Would-be parents flock to Oregon to start their families with the help of surrogates. We explore the numerous factors that make Oregon a top surrogacy destination.
It was never about the money.
Cristina Ferguson, 45, knew after three pregnancies in her 20s — one that ended in miscarriage and two that resulted in healthy babies — that she wanted to ease the heartache of other would-be parents who had trouble conceiving.
“I empathized,” says Ferguson. “It just felt like a thing in my life, a pull toward wanting to help someone so they could have a happy ending.”
It took until last year — and a chance encounter with a Beaverton surrogacy agency — to realize her dream of carrying a baby for an LGBTQ family. Now Ferguson, a social worker who lives in Reno, Nevada, has only one regret: “I would have done it younger, so I could do it again.”
That Oregon played a starring role in Ferguson’s journey is both a coincidence and not.
Even as COVID-19 upends every aspect of life today, Oregon remains a leader in surrogacy in the United States and internationally because of a host of factors that include: top fertility clinics, experienced family-formation lawyers, numerous surrogacy agencies, friendly attitudes toward LGBTQ parents, and an easy legal process for assigning rights to parents who might not be genetically related to their children. Add to this mix Oregon’s population of open-minded moms who want to give others the gift of children, and it’s clear why couples and individuals have come to Oregon from across the country and overseas to conceive. Health concerns and international travel restrictions due to the coronavirus have made the already complicated process more so, but that hasn’t slowed demand here, experts say.
“It’s welcoming in terms of the law and politically,” says Robin Pope, a Beaverton lawyer who helped establish Oregon’s legal process for surrogacy. “We are able to do virtually any permutation you can think of.”
It wasn’t always that way.
In the 1970s and ’80s, gay and infertile couples faced a very different medical, political and legal landscape.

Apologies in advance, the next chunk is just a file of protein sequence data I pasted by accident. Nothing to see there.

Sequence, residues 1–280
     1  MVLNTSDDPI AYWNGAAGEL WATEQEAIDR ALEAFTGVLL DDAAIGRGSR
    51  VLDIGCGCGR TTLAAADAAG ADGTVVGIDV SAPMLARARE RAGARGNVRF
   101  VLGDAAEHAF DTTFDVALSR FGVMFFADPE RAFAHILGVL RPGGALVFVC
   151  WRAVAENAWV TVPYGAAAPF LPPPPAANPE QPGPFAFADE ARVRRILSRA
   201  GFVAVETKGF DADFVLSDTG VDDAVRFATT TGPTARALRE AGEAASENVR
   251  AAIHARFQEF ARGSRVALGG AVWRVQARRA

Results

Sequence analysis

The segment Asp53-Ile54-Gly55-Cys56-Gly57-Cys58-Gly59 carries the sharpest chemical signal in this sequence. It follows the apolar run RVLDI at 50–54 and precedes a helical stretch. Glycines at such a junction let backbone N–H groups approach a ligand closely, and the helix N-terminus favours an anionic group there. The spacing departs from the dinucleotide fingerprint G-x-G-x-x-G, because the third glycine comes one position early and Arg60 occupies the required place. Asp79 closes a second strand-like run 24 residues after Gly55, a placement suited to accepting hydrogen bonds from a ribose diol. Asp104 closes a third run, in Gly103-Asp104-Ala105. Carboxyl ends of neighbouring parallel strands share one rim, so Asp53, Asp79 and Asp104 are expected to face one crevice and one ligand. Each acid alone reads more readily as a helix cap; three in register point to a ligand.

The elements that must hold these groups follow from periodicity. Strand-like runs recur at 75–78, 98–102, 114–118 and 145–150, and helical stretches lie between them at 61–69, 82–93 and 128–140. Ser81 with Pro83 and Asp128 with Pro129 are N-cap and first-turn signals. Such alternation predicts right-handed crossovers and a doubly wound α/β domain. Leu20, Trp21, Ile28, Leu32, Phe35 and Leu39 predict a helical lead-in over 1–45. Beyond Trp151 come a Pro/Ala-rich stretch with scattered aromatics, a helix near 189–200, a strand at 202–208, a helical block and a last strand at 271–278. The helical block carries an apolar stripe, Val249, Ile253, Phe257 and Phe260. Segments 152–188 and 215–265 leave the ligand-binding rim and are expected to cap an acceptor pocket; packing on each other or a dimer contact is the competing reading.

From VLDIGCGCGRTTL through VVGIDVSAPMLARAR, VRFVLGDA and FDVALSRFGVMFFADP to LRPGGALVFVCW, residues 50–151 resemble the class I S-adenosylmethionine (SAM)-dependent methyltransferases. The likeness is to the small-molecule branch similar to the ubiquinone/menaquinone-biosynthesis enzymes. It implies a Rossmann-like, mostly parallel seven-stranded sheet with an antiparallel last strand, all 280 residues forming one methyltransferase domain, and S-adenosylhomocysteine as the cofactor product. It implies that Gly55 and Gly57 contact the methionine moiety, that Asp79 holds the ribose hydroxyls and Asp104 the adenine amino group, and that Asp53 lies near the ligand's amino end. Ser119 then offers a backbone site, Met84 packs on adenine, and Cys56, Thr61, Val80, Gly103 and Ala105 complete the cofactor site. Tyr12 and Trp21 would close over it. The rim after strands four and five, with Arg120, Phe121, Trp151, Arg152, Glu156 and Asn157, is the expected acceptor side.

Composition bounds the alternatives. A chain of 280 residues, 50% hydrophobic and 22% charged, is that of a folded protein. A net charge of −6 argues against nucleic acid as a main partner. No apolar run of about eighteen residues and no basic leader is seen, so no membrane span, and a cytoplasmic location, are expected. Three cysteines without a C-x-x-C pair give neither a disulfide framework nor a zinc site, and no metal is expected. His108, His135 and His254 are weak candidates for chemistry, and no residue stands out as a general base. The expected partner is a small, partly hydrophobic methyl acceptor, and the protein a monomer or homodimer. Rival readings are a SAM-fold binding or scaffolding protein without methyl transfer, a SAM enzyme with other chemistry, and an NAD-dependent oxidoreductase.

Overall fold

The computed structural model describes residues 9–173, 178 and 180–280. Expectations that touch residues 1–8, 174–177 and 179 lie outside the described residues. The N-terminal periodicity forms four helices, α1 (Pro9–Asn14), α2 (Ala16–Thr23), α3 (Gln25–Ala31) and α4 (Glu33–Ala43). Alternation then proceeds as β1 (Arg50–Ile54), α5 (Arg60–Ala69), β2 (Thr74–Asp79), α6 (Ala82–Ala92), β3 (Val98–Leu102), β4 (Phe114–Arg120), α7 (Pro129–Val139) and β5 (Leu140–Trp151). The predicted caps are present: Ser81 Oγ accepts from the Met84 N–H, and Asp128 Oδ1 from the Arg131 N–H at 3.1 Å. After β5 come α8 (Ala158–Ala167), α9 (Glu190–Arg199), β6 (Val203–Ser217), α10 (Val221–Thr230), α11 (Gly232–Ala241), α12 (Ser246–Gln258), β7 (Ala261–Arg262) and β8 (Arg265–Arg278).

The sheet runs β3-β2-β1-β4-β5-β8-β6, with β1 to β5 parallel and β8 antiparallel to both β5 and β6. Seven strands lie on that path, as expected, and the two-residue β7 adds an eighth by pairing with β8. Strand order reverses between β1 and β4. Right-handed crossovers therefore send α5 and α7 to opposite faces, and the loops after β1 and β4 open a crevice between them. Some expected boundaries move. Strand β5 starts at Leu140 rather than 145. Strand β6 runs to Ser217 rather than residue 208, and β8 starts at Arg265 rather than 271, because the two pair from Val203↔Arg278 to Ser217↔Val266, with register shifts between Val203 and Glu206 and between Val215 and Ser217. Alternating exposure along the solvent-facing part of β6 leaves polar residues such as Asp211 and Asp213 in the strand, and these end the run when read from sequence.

Initially, surrogates were genetically linked to the babies (see “Glossary” at the end of the article). The surrogates donated their eggs and carried babies conceived with either donated sperm or the sperm of intended fathers. Such surrogacies came with risk and headaches. For one, there was the worry a surrogate might change her mind (see “Washington” information below).
In Oregon then, state agencies also required that intended parents go through adoption proceedings, even if they used some of their own genetic material. That meant intended parents also needed to submit to home studies and criminal background checks. That felt wrong and intrusive, says Pope: “Basically, clients asked, why do I have to adopt my own baby?”
In the 1990s, as doctors made advances in creating embryos through in vitro fertilization, more couples opted to transfer those embryos to surrogates with no genetic link to the babies they gestated. Pope, the Beaverton lawyer, wanted couples such as these to avoid the adoption process. Using an existing Oregon statute, Pope and Eugene lawyer Tim Brewer helped create a method for establishing legal parentage without going through an adoption.
With each new variation in family formation, Pope and others used the existing statute to give legal rights to the people who intended to parent the child born via surrogacy. By 2008, the process accommodated single parents, gay parents, parents who used some of their own genetic material and parents who used none of their genetic material. It was all done without changing Oregon law. Now, in all cases except international ones that require different rules, intended parents can establish legal rights to the child before it is born. The judicial order then becomes effective when the child is born.